At Marking Systems, the safety of our products is a top concern. Our materials for labels and overlays are rigorously tested so we know they’ll stand up to a variety of temperatures and conditions. One of the most crucial tests out there is the test for flammability.
Our materials must pass the UL 94 test standard. What is that, exactly? Here’s more information about UL 94 and why it’s a standard we won’t compromise on for the safety of our products — and our customers.
What is UL 94?
UL 94 stands for “Underwriters Laboratories test standard 94.” UL 94 is the gold standard for flammability in plastic materials. It measures a whole host of factors including:
- How quickly it ignites
- How quickly the fire spreads
- How long the fire endures
- How difficult (or easy) it is to put out the fire
- Toxic gas that’s emitted
In very basic terms, it tests for if and how quickly a material will catch fire. It’s especially important for plastic labels that are going to be used on things like electronics and appliances, where heat can occur. The last thing anyone wants is a label or overlay to catch fire because of that heat. This testing ensures it won’t.
The UL 94 process involves testing the material in different conditions, each with a different rating number, including 94HB, 94V, 94VTM, 94V5, 94HBF, 94HF and Radiant Panel.
We are most frequently asked by OEMs to use materials rated for UL 94HB, 94V or 94VTM. Let’s look at those in a little more detail.
94HB (Horizonal Burning Test)
The 94HB test is a horizontal burning test that is considered the easiest to pass. The material is oriented in a horizontal position and exposed to a flame. To be rated 94HB, a material with a thickness between 3 and 13mm must burn at a rate of less than 40mm per minute.
94V (Vertical Burning Test)
This test, as its name implies, involves orienting a material in a vertical position and exposing it to a flame. This is the standard typically required for portable, unattended, intermittent-duty household appliances. For the 94V, the material is tested in its new state and its aged state. So, how does it hold up when it’s brand new versus when it’s aged a bit? A flame is applied to the sample for two 10-second intervals, separated by the time it takes for the flaming combustion to cease after the first application. They also check for drips during this test.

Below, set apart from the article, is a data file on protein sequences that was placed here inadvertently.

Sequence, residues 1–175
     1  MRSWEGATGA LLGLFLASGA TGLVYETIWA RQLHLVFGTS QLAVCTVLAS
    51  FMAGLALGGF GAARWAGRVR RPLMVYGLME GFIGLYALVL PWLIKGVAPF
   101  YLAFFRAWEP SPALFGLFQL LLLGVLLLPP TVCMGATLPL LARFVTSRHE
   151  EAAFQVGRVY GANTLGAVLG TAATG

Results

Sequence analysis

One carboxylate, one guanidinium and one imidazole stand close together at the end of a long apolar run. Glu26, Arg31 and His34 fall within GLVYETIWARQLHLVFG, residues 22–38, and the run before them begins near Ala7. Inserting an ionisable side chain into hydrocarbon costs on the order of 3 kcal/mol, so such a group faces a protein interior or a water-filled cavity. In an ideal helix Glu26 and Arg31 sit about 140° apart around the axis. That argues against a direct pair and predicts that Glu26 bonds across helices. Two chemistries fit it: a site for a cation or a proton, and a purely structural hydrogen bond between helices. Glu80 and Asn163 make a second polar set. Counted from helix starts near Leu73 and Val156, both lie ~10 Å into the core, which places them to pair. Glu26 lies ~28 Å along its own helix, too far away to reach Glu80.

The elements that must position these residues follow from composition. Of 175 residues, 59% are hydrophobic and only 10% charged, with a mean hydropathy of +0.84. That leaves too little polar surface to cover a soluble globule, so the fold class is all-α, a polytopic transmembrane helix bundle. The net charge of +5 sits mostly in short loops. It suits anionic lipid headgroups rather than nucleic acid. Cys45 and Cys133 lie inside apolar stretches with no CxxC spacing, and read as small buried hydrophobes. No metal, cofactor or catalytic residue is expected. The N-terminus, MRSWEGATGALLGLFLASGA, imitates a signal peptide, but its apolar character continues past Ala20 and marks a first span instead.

The test includes three classifications, 94V-0, 94V-1 and 94V-2. The UL 94V-0 is the highest burn rate, meaning the product label material is very unlikely to catch fire.
94VTM (Material Vertical Burning Test)
Product label materials that are very thin (approximately 10 mil) may distort, shrink or flex during the 94V test. These materials can be tested using 94VTM — the thin material version of the vertical burning test. For this product label test, the specimen size is 200mm x 50mm (8″ x 2″), and the two flame applications have a duration of three seconds instead of 10.
At Marking Systems, we use only the materials that meet these rigorous UL standards. We don’t compromise on safety. For more information, give us a call at 972-475-0770 and talk to our product label experts.
UL will generally accept a VTM rating of similar level where a 94V material is required i.e., 94VTM-0 = 94V-0, 94VTM = 94V-1, etc. UL does, however, reserve the right to make a determination on which rating a material should have based on the application.
|Total flaming combustion for each specimen
|Total flaming combustion for all 5 specimens of any set
|Flaming and glowing combustion for each specimen after second burner flame application
|Cotton ignited by flaming drips from any specimen
|Glowing or flaming combustion of any specimen to holding clamp